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Case Western Reserve University's independent student news source

The Observer

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Breaking the universal speed limit


Anyone who has read up on the special theory of relativity knows that the speed of light is considered the speed barrier of the universe. You would need an infinite amount of energy to make a particle with mass travel at this speed. Yet, there are still some far-fetched ideas out there ranging from wormholes to warp tunnels theorizing that we can defy this barrier. What has mainly been a sci-fi dream for decades may actually be gaining some traction in reality.

In 1994, physicist Miguel Alcubierre suggested that a device doesn’t need to travel at the speed of light by itself to break this speed barrier. Rather, his idea suggests that bending space-time in front of and behind a vessel, rather than propelling it, could result in high-speed travel. Theoretical calculations have shown this hypothetical idea is possible without breaking the current understanding of relativity, but just like wormholes, you would need some exotic matter to distort space-time. Plus, the amount of energy needed to power this mechanism would be equal to the mass-energy of Jupiter. This sort of requirement makes this warp travel practically a dream. However, NASA’s Harold White recently released his idea to lighten up the process.

White argues that the massive energy requirement for the field doesn’t need to be this flat halo shape that requires ridiculous amounts of energy. If you make it into something thicker and curvier, the energy requirement should settle under 1600 pounds. Additionally, if you can oscillate or vibrate this warp field at a consistent speed, the warp may require even less energy.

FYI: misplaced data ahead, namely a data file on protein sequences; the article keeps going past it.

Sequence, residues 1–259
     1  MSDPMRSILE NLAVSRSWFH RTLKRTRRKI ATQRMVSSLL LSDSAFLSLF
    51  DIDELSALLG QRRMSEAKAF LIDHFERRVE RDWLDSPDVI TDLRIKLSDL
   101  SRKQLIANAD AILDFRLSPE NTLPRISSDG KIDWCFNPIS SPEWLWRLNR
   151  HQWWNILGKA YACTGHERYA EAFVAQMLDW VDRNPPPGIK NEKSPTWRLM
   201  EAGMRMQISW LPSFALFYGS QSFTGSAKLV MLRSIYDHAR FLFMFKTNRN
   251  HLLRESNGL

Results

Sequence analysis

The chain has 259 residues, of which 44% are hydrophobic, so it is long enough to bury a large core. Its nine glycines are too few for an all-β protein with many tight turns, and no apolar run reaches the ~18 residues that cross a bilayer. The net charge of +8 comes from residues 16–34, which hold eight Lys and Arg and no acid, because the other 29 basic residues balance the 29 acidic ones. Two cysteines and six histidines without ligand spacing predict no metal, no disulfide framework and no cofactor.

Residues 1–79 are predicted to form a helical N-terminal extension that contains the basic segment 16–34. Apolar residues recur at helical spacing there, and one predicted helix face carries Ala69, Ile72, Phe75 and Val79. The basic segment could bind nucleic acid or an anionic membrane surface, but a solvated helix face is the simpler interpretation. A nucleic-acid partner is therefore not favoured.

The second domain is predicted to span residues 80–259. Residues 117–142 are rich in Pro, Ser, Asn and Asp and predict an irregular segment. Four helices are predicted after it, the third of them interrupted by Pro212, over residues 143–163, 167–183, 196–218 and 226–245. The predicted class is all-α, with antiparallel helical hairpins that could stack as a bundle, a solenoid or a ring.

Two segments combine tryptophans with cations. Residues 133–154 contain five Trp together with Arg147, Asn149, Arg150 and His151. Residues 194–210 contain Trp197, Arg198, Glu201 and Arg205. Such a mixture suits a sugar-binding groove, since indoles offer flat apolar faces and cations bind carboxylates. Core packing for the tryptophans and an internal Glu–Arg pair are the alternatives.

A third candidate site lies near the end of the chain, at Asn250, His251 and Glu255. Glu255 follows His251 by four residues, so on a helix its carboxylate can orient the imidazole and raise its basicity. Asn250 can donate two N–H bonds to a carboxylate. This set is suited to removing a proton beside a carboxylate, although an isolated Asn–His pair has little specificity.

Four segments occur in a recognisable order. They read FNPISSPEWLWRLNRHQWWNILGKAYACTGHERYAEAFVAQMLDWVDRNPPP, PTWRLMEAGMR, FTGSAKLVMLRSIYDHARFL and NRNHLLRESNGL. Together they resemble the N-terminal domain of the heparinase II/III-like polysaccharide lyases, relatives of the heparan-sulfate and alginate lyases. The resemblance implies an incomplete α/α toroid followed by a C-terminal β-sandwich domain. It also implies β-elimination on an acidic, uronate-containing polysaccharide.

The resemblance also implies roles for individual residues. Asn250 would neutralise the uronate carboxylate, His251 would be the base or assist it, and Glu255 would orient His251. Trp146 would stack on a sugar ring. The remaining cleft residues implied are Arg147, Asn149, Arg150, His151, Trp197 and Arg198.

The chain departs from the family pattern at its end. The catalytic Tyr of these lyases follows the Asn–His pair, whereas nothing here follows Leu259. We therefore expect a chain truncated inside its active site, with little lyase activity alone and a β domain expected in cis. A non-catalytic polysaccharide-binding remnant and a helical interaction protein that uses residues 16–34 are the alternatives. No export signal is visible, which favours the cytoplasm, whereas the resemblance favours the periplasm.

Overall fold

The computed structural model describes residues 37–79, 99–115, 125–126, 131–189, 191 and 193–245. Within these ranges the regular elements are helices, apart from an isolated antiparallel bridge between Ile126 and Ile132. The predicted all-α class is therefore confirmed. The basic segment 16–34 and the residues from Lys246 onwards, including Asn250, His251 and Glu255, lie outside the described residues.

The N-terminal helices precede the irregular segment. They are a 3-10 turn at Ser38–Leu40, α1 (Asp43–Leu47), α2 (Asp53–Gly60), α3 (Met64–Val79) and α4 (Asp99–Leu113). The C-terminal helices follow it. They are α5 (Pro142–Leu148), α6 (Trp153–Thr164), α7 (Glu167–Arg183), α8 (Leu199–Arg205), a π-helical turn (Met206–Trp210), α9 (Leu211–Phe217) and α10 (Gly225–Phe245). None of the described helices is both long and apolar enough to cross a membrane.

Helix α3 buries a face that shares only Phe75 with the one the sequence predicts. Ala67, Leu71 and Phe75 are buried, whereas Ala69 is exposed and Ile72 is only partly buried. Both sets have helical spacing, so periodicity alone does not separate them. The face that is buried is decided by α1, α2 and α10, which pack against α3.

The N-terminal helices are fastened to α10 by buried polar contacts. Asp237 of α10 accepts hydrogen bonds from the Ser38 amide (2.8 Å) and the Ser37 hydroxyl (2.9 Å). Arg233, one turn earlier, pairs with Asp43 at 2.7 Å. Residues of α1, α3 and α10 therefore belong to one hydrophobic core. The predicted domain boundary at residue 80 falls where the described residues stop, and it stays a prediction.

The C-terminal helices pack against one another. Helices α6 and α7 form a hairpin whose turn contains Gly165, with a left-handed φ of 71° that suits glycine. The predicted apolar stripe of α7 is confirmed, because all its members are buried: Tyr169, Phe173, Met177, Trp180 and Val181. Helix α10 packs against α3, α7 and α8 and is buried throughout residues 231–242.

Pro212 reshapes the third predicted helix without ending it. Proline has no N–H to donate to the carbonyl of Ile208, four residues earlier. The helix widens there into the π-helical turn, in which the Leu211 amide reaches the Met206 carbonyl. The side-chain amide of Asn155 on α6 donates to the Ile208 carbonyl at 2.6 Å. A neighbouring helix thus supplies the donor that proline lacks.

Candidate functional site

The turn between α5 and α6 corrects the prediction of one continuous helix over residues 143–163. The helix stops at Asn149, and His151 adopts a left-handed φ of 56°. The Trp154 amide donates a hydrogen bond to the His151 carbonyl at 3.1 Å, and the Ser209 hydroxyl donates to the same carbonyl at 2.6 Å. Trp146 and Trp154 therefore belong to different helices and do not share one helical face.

His findings were presented at the 100 Year Starship 2012 Public Symposium, and leaders from around the world are watching to see if this technology can be field-tested within the century.

Instead of taking decades or centuries of travel to visit neighboring stars like Alpha Centauri, a location that is four light years from us, it would take just a few weeks or months. The journey would involve a craft leaving Earth, reaching a safe distance away from civilization, and then turning on its warp speed. Once the craft hits a point close to its destination, it stops and propels its way to reach the final target.

Even though the practical application of this technology is years away, it is still amazing to hear about the potential inventions that the future will hold. All of those science fiction classics ranging from “Star Trek” to “Dr. Who” reveal the imagination and potential of our future. As Doris Lessing once said, “Space or science fiction has become a dialect for our time.” Inventions that were once considered dreams are already coming to fruition, and as the journey of Earth through time matures, the scientific conversations we have will be held on intergalactic scales. Reaching new stars will only be the start of a new future—perhaps galaxy exploration will eventually become reality, too.

Aditya Rengaswamy is a sophomore accounting student at Case Western Re- serve University. He enjoys doing various service projects like Kids Against Hunger, serving on Undergraduate Student Government, and hanging out with his brothers in Theta Chi. 

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